Smart Talk – latest news from Smart Ideas

We’ve been beavering away again – writing articles that we think will be of interest or use to you! Please do feel free to tell us if it isn’t :)

Issue 3 is the latest Smart Talk this year and has articles on SEO as well as the top 5 mistakes made in marketing … we’ve even given you a little giggle with the latest adventures of Dixie and Charlie, our resident doggie characters.

You can grab your latest copy here:  smart talk issue 3

 

 

 

 

 

smart talk issue 3

Has anyone here seen Charlie?

Hi there, I’m Dixie Dawg, the black Labrador and I work here at Smart Ideas Design; well I don’t work really, I lie there snoozing all day having had my morning walk only getting off my bed for the occasional apple core that is offered – any food is good food as far as I’m concerned – I am a Labrador after all! Oh I also get off my bed for a wee wee but as you can see below… I don’t always make it but that’s not my fault….

So getting back to the point in question, has anyone seen Charlie? He’s such a cheeky young snapper, he’s only 4 and he’s so naughty sometimes with lots of cheek. I have to keep him in order I can tell you! Here he is here on the right sharing my bed!!! I’m not happy I can tell you!

The peeps here at Smart Ideas thought it would be a really good idea to talk about mine and Charlies adventures, so they decided to capture it in a comic strip which has been launched in the February issue of Smart Talk.

Written by Dixie Dawg aged 10 3/4.

Roll up, roll up, get your newsletter here….

New for 2012 is ‘Smart Talk’, our newsletter which first hit the desks of our unsuspecting clients and clients-to-be in Valentine’s week! Not only did we feature a coupe of latest projects but some tips on how to make your design agency love you and some hot design facts.

Imagine our surprise when clients and prospective clients emailed us some lovely comments – it seems they all thought they were receiving a mystery Valentine’s card as it arrived in a large red A4 envelope.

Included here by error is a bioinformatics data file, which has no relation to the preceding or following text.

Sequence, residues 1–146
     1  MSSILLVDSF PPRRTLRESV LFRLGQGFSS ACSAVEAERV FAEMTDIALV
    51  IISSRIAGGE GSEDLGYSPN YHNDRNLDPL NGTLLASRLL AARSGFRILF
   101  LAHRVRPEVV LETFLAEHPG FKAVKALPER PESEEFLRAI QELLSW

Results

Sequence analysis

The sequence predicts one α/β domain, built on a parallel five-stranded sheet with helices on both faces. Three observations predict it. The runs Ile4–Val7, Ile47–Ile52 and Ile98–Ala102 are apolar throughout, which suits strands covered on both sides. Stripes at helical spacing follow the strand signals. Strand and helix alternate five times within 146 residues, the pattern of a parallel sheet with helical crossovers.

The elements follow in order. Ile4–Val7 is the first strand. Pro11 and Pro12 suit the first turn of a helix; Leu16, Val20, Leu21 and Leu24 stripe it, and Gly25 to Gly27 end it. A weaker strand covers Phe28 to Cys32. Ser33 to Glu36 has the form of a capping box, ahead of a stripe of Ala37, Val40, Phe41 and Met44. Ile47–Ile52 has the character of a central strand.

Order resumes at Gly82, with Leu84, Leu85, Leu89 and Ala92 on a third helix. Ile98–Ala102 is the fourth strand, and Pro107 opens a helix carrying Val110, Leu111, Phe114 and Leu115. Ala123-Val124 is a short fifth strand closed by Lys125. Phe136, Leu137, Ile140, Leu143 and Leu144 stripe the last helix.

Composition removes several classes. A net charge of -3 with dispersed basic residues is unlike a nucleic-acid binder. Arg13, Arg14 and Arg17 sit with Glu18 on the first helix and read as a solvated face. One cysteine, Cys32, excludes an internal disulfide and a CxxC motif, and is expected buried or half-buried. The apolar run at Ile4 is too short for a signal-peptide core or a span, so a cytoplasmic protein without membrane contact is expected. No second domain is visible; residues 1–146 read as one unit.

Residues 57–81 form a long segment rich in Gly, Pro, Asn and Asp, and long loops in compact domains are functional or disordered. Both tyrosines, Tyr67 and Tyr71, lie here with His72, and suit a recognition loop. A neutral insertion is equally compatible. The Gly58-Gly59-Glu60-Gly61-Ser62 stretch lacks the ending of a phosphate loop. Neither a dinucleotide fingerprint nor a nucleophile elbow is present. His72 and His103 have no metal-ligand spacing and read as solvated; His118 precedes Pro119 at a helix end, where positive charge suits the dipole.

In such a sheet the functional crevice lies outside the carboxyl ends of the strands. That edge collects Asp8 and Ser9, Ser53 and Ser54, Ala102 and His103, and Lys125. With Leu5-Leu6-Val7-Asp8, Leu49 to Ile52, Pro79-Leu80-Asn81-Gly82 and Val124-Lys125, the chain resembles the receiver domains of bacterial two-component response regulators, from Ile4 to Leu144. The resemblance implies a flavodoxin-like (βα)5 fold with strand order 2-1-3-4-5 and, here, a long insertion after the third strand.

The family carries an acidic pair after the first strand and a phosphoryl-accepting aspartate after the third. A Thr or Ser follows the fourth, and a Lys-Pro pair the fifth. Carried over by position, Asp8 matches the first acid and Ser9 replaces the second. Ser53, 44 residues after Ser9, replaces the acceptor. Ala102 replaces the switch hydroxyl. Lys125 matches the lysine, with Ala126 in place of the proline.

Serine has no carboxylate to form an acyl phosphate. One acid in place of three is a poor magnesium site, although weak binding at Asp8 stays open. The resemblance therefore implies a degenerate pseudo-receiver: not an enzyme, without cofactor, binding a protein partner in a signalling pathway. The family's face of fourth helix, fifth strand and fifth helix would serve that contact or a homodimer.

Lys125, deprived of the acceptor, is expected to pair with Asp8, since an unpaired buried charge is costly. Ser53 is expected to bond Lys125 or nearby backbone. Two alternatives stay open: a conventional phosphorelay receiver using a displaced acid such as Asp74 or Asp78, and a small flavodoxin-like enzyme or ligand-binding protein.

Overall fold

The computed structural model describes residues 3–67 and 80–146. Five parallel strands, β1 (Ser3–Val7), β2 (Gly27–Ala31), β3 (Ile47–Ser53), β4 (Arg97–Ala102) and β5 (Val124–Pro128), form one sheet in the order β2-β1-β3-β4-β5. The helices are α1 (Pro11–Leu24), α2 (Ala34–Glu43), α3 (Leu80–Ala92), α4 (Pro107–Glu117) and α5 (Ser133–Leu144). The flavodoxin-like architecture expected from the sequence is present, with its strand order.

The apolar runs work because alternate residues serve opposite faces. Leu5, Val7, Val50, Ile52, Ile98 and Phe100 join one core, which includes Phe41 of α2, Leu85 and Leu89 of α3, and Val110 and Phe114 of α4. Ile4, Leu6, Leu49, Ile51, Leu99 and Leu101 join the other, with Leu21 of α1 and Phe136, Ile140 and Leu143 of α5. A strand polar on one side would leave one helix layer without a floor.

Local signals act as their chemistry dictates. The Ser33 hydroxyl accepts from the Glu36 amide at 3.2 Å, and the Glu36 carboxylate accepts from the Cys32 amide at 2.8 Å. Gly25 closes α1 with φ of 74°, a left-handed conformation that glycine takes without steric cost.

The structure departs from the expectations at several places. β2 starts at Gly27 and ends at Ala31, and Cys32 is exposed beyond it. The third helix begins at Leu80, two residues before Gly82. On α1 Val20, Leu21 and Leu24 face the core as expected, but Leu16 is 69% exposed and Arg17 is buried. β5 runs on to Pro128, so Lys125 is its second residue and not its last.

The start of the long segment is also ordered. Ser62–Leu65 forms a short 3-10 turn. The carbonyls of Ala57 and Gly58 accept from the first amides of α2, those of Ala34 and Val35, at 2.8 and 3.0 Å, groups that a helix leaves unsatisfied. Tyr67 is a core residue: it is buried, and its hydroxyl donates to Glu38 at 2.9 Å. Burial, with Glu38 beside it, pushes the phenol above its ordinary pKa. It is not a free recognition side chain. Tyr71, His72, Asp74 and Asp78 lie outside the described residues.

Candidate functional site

Grab your copy here and tell us what you think – you may even want to have a go at the caption competition….

Revamp not revolution!

At last, we have revamped our website and by revamp we mean revamp and not a revolution – hey, we’re designers! And we like to shout that we are designers… so we’re constantly updating, revamping, adding new case studies on.

Tell us what you think? You can see the new site here.

Is your brand killing your business?

We recently exhibited at the Business Growth Show in Manchester.

Of course we decided that we couldn’t just turn up with a couple of roller banners – being a creative design agency we needed a theme!

And the theme became ‘is your brand killing your business? which of course grew into a full blown crime scene with the chalked body on the floor, the policemen’s helmet with blue flashing lights, crime scene tape and even handcuffs.

Take a look and see what you think….
I think I need to take photography lessons though. :)

Why the DBA think speculative pitching is wrong

As a member of the Design Business Association, I thought I’d take the time to put their view (and ours) forward as to why speculative pitching or free pitching is wrong, and how clients end up paying in the end anyway.

Point 6 of the DBA Code of Conduct recommends: ‘Members should not take part in pitches, which require unpaid work. The level of payment for pitches should relate to the time and effort involved.’

Professionalism
Considerable time and effort is required to prepare serious design proposals for any project. Creative proposals prepared without payment for a competitive pitch involving several other consultants can only be speedily prepared, scantily researched and superficial. They cannot be based on a genuine understanding of the client’s business and objectives. In short, the proposals will not achieve the standards of professionalism to which members of the Design Business Association are committed.